Machine quilting provides faster results but can be fraught if things don't go to plan.  Unpicking is harder.  Straight lines and gentle curves can be achieved with a walking foot like the section of a wall hanging below.

For anything that requires more curves, you'll need a Free-motion Quilting Foot, also known as a Darning Foot or Hopping Foot.   With this many effects can be achieved like the examples below.

Friday, 8 March 2019

International Women's Day

International Women's Day is here again, time to hear some idiot say
'When is International Men's Day then, eh?' (November 19th incidentally), joking aside this is an opportunity for Women's rights to be examined, brought under the spotlight and for people to remember that the battle for equality still continues.

This time last year I made a wall hanging to raise awareness.  Last year's theme was 'Push for Progress'.

Over the next few months the theme weighed on my mind.  What had pushed for progress?  Certainly not politicians or industry, the Equal Pay Act is 9 years older than me and I'm nearly 40 and yet there is still a gender pay gap.  For me the answer is in the way you're reading this now - the Internet.
What else has given people ways to meet, ways to rebel, ways to protest whilst remaining anonymous.  The phrase keyboard warrior is often used and that fascinated me.  
In the wake of  #metoo this was a way for Women to stand together...to say 'that also happened to me and I was sad and internalised it but now I see how many others it's happened to I'm angry and I want change'.
Gradually the idea of my quilt was born.  I entered it into the Festival of Quilts 2018 at the NEC in Birmingham.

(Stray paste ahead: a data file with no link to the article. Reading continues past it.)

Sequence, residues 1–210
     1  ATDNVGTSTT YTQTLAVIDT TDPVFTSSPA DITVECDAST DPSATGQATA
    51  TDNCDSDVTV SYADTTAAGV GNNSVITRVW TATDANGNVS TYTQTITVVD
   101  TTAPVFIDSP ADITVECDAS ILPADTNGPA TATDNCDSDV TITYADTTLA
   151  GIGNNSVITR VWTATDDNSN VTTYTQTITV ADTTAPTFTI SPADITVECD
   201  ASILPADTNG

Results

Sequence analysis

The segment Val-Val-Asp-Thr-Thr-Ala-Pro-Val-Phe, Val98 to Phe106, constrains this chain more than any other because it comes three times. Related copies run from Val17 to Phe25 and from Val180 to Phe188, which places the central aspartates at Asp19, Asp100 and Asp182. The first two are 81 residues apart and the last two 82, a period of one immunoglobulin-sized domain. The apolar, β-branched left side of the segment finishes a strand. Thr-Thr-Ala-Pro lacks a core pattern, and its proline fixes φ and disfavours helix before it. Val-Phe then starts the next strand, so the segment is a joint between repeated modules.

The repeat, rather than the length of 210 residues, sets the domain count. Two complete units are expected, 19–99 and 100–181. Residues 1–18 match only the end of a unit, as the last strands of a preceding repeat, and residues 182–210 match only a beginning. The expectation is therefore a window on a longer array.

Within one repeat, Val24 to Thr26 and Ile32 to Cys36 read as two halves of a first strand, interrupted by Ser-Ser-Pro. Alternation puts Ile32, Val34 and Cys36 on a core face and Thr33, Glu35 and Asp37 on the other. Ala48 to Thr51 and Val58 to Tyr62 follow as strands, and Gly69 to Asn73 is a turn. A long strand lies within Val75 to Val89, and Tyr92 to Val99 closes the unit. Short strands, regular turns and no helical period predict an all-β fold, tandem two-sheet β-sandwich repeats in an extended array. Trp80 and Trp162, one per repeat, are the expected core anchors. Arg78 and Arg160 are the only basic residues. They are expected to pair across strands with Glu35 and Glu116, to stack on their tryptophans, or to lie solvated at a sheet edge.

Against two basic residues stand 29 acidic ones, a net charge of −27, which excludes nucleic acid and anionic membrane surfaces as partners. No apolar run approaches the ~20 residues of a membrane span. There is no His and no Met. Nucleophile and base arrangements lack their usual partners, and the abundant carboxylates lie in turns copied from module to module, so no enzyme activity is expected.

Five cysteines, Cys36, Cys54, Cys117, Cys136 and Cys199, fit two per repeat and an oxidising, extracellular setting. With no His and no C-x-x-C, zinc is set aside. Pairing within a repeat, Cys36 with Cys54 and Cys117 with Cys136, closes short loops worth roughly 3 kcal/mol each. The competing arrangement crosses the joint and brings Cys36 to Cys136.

I was proud that people stopped to read what it was about, why I'd made it.  I stood in front and my husband took a photo of life imitating art.

Since that day I've started my own business Fine City Quilting and a sewing group for parents and carers called Sew Tired.  I remember many years ago writing my dissertation on 'The Rise of Entrepreneurial Women', and discussing the many issues that have contributed to the rise such as childcare,  the glass ceiling and gender pay gap.  In 2019 the theme for today is #BalanceForBetter, so lets make 2019 the year we keep an eye out for discrimination, speak out when we see it but also celebrate achievements.

Tuesday, 26 February 2019

Sew Tired

No not a complaint but a new group for parents or carers in Norwich!

This week sees the first session of Sew Tired, a group that will meet fortnightly in Norwich with the aim of giving parents or carers (with or without their children) a chance to be creative in a friendly and welcoming atmosphere.

We've all been there....it's ANOTHER early morning with your baby (whatever age that baby might be!), the start of a new day.  Your creative juices are flowing...'Nap time' you say to yourself, 'I will make something/get started on that drawing/finish that scarf/cut out that pattern...but nap time doesn't always happen and in all honesty when it does there's often (horrifically often) housework to be done.  Then nap time is over.  
'Tonight'..you think to yourself, 'tonight, I will get a tray prepared so as soon as they've gone to bed I can get one with what I've been really hoping to achieve'.  But guess what?  You're exhausted and food needs to be prepared, eaten and quite frankly there's probably something awful on TV that is all you can face.